102km (63 miles) N of the U.S.-Canada border
Nelson (pop. 10,000) is quite possibly the most pleasant and attractive town in the British Columbian interior. The late-19th-century commercial district is still intact, with an eclectic mix of old-fashioned businesses, coffeehouses, and fancy boutiques and galleries. Nelson also offers high-quality B&Bs, hotels, and restaurants, and the setting -- along a shelf of land above the West Arm of Kootenay Lake -- is splendid.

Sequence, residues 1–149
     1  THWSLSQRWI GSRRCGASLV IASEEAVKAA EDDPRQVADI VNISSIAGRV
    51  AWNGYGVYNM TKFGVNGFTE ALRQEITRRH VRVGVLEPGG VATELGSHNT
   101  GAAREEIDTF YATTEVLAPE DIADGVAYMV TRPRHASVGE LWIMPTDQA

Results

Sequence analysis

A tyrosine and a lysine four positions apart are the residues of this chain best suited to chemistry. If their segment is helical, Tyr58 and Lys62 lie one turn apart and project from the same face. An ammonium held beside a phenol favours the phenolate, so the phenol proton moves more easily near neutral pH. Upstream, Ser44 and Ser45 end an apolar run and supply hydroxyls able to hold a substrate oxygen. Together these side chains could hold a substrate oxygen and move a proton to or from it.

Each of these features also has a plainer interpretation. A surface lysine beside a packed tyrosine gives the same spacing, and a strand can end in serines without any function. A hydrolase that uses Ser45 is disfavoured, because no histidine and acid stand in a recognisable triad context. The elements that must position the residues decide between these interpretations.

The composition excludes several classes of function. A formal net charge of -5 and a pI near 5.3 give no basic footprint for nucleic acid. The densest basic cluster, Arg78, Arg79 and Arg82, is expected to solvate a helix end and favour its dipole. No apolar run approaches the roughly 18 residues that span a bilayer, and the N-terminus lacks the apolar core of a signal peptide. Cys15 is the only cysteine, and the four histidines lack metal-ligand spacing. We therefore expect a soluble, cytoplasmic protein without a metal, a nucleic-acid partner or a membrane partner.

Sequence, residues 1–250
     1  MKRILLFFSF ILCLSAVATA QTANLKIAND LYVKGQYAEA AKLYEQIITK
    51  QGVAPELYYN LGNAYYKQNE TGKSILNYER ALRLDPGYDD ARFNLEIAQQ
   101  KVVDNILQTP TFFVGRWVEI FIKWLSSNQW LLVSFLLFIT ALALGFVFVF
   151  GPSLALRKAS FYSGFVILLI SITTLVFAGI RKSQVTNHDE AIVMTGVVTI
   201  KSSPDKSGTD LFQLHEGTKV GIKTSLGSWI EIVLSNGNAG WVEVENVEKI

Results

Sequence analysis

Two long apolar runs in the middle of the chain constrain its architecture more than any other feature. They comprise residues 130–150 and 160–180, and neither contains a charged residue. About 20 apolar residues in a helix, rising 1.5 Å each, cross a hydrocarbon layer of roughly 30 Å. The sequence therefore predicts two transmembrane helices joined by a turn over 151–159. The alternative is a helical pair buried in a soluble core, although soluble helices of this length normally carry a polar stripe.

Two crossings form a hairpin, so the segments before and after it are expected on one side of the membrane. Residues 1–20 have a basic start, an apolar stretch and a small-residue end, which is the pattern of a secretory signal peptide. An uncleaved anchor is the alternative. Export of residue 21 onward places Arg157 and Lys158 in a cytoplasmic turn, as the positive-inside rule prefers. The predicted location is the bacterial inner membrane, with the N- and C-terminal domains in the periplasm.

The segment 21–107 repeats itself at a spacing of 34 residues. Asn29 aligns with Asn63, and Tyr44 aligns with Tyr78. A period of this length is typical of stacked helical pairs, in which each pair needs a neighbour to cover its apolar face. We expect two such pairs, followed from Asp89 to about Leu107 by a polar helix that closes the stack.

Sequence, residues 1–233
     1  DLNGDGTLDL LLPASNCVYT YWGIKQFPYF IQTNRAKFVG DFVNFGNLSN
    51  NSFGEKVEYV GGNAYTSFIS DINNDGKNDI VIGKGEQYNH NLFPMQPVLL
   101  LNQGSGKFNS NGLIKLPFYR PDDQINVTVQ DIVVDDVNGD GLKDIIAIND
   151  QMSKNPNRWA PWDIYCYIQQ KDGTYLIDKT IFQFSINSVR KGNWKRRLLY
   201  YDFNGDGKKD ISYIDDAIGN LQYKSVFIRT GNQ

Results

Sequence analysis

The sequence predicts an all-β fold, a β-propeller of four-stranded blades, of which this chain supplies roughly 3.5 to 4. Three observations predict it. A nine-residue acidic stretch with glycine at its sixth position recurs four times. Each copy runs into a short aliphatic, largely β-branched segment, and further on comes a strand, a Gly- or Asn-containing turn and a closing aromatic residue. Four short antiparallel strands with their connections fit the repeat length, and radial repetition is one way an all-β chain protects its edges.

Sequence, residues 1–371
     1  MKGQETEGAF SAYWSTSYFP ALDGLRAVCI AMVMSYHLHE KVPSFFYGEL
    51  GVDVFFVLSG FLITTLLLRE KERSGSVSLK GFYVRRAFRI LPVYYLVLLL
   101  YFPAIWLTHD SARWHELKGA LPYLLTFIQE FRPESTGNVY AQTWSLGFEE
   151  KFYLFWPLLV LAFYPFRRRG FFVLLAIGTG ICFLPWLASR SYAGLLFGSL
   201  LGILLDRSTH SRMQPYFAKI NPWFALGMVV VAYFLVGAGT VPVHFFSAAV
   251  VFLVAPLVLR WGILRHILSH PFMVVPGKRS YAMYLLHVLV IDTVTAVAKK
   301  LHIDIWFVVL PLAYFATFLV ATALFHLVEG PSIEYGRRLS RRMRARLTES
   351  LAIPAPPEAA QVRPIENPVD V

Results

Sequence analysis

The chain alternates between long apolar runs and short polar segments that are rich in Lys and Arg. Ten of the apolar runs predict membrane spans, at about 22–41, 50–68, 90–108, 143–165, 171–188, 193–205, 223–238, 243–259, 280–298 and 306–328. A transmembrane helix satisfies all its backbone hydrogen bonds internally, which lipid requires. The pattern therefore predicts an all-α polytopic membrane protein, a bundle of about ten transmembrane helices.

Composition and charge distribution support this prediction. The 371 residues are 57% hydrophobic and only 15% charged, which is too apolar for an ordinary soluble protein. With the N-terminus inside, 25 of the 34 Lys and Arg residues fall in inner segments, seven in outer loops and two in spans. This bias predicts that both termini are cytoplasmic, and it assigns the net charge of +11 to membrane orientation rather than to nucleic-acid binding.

Nelson was born as a silver-mining town in the 1880s, and its veins proved productive and profitable. By 1900, Nelson was the third-largest city in the province, with an architecturally impressive core of Victorian and Queen Anne-style homes. Today, the gracious town center, coupled with convenient access to recreation in nearby lakes, mountains, and streams, has added to Nelson's newfound luster as an arts capital. Nelson claims to have more artists and craftspeople per capita than any other city in Canada. It certainly has an appealingly youthful, comfortably countercultural feel, and makes a great place to spend a day or two.